From: ILPI Support <info**At_Symbol_Here**>
Subject: Re: [DCHAS-L] contact lens use in chemistry labs
Date: Tue, 13 Sep 2016 21:18:07 -0400
Reply-To: ACS Division of Chemical Health and Safety <DCHAS-L**At_Symbol_Here**PRINCETON.EDU>
Message-ID: BAB81853-6080-4205-915D-6967877B226F**At_Symbol_Here**

The specific "should" statement you refer to is in section III of Appendix A: which states "Contact lenses should not be worn when working with this chemical."  In my understanding (and I am not an attorney), in a regulatory sense, "should" is a recommendation and not compulsory. "Shall" is compulsory, and this is not a shall. So I agree with your reading.

However, in my mind the question becomes is there *really* anything special about methylene chloride (do we even know if it is an ophthalmotoxic material?) such that vapors could be absorbed into the contact lens itself and cause an issue or release the absorbed material over time?  As far as I can find, there is nothing in the rule making for the standard to support its statement regarding contact lenses:  In fact, I would turn your question on its head - is there ANY evidence whatsoever that wearing contact lenses when working with methylene chloride (or any other chemical for that matter) presents some kind of appreciable risk that would not be present to a non-lens wearer?  I sincerely doubt it, in which case there is no reason to have a special policy in place.  Just go with your standard decision about contact use in general.

Speaking of which, as we are all aware, the use of contact lenses in laboratories has long been a matter of considerable debate which I hope we don't devolve into an extended rehashing here (the archives have a lot of discussion if you're interested: see, for example, (and pay particular note to the the paucity of evidence for increased risk of injury being caused by wearing lenses).  CCOHS has a lengthy article that summarizes the pro and con arguments, but the main reason I point to this their article is the last section titled "Who has "responsibility" for users of contact lenses?" - it is neatly broken out into Employer and Worker responsibilities to ensure their safe use:  A definite must read if you are drafting a policy on contact lens use.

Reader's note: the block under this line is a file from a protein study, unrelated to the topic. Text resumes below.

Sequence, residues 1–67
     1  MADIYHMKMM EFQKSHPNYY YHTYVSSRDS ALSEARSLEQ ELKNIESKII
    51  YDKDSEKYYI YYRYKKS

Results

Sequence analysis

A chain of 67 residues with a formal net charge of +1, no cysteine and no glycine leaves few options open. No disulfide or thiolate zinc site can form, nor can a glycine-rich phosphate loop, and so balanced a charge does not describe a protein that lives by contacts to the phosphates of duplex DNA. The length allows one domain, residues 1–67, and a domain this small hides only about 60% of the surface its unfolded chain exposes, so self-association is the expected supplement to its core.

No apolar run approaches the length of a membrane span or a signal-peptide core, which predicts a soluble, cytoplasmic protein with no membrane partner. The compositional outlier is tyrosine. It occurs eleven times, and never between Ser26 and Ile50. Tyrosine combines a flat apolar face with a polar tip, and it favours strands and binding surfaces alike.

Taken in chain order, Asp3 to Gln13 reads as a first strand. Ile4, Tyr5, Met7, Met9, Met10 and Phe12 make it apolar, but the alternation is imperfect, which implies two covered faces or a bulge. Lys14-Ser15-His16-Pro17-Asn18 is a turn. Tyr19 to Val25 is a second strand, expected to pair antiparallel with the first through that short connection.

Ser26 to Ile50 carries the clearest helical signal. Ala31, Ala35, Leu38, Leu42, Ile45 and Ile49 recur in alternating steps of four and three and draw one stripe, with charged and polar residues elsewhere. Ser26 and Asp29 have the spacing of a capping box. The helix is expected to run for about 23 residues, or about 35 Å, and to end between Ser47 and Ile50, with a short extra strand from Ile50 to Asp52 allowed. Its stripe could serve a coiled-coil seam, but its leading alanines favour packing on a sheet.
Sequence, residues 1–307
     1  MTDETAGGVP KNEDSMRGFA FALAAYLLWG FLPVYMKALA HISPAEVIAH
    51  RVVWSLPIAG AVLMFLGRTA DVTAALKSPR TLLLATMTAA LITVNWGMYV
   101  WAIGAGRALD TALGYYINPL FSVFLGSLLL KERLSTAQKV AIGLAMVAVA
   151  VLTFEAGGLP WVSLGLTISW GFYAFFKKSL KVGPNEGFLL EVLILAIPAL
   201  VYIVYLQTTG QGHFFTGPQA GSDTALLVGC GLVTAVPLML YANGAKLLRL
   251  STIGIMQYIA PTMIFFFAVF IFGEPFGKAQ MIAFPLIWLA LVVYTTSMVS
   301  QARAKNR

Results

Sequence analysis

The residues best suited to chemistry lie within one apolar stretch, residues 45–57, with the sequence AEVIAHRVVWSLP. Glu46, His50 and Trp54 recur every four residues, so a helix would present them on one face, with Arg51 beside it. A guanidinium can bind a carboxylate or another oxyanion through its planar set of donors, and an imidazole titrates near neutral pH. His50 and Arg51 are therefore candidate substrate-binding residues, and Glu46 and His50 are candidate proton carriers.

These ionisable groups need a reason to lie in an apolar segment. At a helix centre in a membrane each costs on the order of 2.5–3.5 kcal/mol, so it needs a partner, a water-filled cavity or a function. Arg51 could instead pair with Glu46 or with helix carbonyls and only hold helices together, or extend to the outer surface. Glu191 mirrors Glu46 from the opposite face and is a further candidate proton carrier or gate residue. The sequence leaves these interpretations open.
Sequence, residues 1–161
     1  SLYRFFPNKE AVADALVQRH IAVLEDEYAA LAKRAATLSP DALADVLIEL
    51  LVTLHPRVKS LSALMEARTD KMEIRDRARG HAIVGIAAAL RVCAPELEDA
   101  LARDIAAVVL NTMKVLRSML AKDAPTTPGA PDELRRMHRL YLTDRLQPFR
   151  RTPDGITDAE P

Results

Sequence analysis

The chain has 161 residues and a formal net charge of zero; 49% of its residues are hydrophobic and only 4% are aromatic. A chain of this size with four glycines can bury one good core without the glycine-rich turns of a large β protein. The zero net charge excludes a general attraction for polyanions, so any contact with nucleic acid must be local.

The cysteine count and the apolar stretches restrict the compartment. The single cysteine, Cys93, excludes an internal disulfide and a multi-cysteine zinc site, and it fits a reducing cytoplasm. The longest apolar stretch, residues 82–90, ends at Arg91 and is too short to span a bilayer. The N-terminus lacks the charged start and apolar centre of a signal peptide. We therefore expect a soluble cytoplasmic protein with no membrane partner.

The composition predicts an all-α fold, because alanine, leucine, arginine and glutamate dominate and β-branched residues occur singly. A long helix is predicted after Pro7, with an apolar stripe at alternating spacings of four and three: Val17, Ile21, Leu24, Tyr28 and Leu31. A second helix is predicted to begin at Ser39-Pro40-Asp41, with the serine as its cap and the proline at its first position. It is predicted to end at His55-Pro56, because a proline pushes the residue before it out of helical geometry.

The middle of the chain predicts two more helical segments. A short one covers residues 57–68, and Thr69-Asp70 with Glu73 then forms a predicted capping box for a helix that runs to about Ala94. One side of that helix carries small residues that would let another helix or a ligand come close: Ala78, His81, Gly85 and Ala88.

Two other items worth quick mention:

NIOSH apparently has not update their recommendations since 2005,

ACOEM's stance for industrial environments is from 2008:

Personally, I would encourage contact lens use in the laboratory because when lab workers need to use chemically protective splash goggles, those who have wear  glasses are far less likely to use the goggles because of the difficulty involved.   Vision correction surgery is even better, of course!

Rob Toreki

Safety Emporium - Lab & Safety Supplies featuring brand names
you know and trust.  Visit us at
esales**At_Symbol_Here**  or toll-free: (866) 326-5412
Fax: (856) 553-6154, PO Box 1003, Blackwood, NJ 08012

On Sep 13, 2016, at 5:32 PM, Biersack, Mary <Mary.Biersack**At_Symbol_Here**WESTPHARMA.COM> wrote:

Our chemistry lab currently does not allow anyone to wear contact lenses in the labs.  I'd like to propose that we allow contacts under safety glasses, goggles or face shields.  We do use methylene chloride, many different corrosive chemicals and potent compounds (mostly in chemical fume hoods but sometimes on the open bench top if dilute or in very small quantities).  The dilemma I'm facing is that OSHA states in 1910.1052 for Methylene Chloride that contact lensesshould not be worn when working with this chemical.  I take this a recommendation not a hard rule.  Some of my safety colleagues interpret "should not" to mean that contacts can be worn as long as I can prove that a hazard does not exist (which I don't think I can do but I feel comfortable with the risk level, citing NIOSH recommendations and scientific studies but not all studies are well enough designed to prove there is no hazard). 
My hazard evaluation would include listing the chemicals that are more of a hazard and training the chemists accordingly and letting the chemists decide if they want to take the risk or decide not to wear contacts and order the prescription safety glasses that the company will buy.  Some safety people want me to limit contact lens use only for chemical use that will pose no hazards.  However, in a very large lab with hundreds of chemicals that are constantly changing this would be more work than I feel value added and would confuse the chemists leading to non-compliance.  
I would like your thoughts,
Mary Biersack
Lab Safety and Chemical Hygiene Specialist
West Pharmaceutical Services, Inc.
P: +1 610-594-3278
530 Herman O. West Drive | Exton, PA 19341 | United States
Find West on Twitter and LinkedIn.

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